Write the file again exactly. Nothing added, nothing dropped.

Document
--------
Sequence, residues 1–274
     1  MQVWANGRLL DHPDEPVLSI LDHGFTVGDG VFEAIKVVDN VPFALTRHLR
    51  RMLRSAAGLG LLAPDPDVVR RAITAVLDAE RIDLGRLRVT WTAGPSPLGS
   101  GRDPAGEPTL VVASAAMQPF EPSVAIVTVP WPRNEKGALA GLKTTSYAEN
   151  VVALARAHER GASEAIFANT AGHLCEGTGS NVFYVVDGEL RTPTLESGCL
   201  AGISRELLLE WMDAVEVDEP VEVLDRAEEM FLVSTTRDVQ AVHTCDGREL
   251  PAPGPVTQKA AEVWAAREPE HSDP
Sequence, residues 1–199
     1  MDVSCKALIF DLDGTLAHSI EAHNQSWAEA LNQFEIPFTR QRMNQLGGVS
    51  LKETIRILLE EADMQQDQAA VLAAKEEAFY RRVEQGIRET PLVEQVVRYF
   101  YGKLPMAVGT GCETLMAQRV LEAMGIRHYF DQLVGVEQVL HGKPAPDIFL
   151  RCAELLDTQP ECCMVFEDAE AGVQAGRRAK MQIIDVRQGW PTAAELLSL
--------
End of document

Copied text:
Sequence, residues 1–274
     1  MQVWANGRLL DHPDEPVLSI LDHGFTVGDG VFEAIKVVDN VPFALTRHLR
    51  RMLRSAAGLG LLAPDPDVVR RAITAVLDAE RIDLGRLRVT WTAGPSPLGS
   101  GRDPAGEPTL VVASAAMQPF EPSVAIVTVP WPRNEKGALA GLKTTSYAEN
   151  VVALARAHER GASEAIFANT AGHLCEGTGS NVFYVVDGEL RTPTLESGCL
   201  AGISRELLLE WMDAVEVDEP VEVLDRAEEM FLVSTTRDVQ AVHTCDGREL
   251  PAPGPVTQKA AEVWAAREPE HSDP
Sequence, residues 1–199
     1  MDVSCKALIF DLDGTLAHSI EAHNQSWAEA LNQFEIPFTR QRMNQLGGVS
    51  LKETIRILLE EADMQQDQAA VLAAKEEAFY RRVEQGIRET PLVEQVVRYF
   101  YGKLPMAVGT GCETLMAQRV LEAMGIRHYF DQLVGVEQVL HGKPAPDIFL
   151  RCAELLDTQP ECCMVFEDAE AGVQAGRRAK MQIIDVRQGW PTAAELLSL